March 3, 2009
Ambush my heart
Schuyler came home from school without her speech device today, which as you can imagine is a pretty big deal. We were stern with her, in that way that is probably a necessary part of the parenting process but which makes me a little queasy, and we found ourselves back at her school at seven o'clock at night. A janitor let us in, and Schuyler took us to her mainstream classroom. And there it was, the Big Box of Words, along with her lunchbox and a few other items that should have come home with her.
We led her miserably back to the car, lecturing her sternly the whole way. When we got to the car, we talked to her about the importance of having her device with her at all times, both because of her communication needs and the fact that, yeah, she's a nine year-old kid walking around with a $7500 piece of electronic equipment.
Throughout the questions and the admonishments, Schuyler sat quietly, her face downcast and sad. I can't look at her face when I talk to her in those moments, because I'll fold like a house of cards if I see those eyes.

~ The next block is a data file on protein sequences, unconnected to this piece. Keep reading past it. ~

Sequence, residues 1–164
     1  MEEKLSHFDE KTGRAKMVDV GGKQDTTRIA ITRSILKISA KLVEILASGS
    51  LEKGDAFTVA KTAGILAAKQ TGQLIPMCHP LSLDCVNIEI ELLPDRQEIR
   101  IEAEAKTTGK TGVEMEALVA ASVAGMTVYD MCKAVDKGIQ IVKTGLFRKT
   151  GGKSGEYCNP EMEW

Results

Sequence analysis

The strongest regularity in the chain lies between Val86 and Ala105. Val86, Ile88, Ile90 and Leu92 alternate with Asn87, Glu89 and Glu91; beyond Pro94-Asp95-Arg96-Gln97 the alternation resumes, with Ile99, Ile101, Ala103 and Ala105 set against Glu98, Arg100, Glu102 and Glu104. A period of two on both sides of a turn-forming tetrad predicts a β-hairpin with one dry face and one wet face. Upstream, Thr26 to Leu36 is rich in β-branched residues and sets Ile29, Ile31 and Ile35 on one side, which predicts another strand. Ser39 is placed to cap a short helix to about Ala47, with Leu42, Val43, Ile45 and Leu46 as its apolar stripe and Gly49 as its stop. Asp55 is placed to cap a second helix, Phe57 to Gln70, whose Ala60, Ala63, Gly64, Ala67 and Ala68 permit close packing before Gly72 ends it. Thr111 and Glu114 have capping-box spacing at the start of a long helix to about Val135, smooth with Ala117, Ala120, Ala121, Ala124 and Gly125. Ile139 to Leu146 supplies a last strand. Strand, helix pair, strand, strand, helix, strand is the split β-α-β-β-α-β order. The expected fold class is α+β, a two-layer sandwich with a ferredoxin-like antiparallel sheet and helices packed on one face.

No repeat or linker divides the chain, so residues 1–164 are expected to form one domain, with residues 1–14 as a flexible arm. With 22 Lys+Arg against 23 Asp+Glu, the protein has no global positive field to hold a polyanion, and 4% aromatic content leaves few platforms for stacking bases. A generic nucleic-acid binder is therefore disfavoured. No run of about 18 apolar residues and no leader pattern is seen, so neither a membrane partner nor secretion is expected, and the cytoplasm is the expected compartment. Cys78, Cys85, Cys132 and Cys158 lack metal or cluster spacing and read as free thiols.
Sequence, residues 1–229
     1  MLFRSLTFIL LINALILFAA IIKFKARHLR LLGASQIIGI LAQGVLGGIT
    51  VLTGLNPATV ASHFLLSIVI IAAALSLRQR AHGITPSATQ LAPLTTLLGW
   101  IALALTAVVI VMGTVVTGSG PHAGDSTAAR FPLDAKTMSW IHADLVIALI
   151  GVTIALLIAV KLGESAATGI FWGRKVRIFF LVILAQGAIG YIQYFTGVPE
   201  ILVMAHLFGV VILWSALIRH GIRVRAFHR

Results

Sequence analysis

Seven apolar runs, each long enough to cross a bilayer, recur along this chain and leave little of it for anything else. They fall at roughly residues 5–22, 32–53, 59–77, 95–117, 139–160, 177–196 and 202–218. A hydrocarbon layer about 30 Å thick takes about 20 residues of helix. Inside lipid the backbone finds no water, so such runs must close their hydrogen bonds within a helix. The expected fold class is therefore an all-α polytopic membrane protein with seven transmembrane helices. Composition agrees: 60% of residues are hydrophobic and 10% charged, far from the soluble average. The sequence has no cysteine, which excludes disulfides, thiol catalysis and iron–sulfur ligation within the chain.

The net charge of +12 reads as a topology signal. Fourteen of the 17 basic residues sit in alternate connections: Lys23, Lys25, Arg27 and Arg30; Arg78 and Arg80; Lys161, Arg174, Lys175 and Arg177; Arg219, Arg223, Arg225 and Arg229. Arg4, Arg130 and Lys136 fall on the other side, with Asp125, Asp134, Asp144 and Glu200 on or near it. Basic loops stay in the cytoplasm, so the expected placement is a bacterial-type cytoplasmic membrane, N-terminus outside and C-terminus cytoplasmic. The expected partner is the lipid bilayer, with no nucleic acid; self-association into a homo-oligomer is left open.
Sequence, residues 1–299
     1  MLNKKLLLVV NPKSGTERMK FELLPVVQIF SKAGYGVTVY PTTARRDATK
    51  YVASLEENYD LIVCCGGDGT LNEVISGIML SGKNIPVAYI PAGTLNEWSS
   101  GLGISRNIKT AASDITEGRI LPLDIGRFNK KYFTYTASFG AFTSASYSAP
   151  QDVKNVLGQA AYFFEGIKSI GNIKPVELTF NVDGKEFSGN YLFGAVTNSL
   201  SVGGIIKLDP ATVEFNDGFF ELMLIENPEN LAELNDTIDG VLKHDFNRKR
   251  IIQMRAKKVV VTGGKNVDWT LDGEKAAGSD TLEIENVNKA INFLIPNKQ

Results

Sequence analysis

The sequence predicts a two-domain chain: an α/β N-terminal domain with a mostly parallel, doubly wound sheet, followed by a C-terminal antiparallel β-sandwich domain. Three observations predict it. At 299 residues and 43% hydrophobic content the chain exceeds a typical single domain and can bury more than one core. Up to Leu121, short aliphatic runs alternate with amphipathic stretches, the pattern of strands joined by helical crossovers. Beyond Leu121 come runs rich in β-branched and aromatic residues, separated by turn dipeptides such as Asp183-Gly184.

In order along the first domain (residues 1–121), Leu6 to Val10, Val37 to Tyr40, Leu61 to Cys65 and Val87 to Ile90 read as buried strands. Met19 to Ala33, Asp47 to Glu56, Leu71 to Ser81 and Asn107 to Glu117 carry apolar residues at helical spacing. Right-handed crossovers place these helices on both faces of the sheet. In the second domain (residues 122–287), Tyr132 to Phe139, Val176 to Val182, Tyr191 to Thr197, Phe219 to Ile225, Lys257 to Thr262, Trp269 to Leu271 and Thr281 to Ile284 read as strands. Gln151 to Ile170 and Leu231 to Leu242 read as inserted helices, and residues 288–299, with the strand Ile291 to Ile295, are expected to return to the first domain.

It occurred to Julie that if Schuyler was leaving her device in her last classroom, she must not be using it in her after school program. That's not incredibly surprising since they mostly play and run around, in a rough and tumble environment that doesn't lend itself to using the BBoW. But in addition to any emergency communication needs, Schuyler also does her homework after school, so she needed to have the device nearby and accessible.
"Do you ever even use your device after school?" Julie asked her.
"No," Schuyler answered sadly.
"No? Why not?"
Schuyler hesitated, then started punching buttons on the device. When she was done, she looked up at us, with an expression of sadness and maybe even defeat, a look I very rarely see in her eyes. Rarely, but occasionally. When I see it, I take notice. She touched the speech button.
"They don't know I can't talk."
Yeah, sometimes it sneaks up on us.
I just started to cry, out of nowhere. Julie held it together a little longer, but not long. "She knows," Julie said. "She really understands, doesn't she?"
There was nothing left to say after that. I gave Schuyler a hug, a long one, and we drove in silence to the Purple Cow, her favorite restaurant.
Later, I asked Schuyler who she was talking about. "Who doesn't know you can't talk?"
She signed "friends".
And so it turns out that a father's heart can break twice in one night.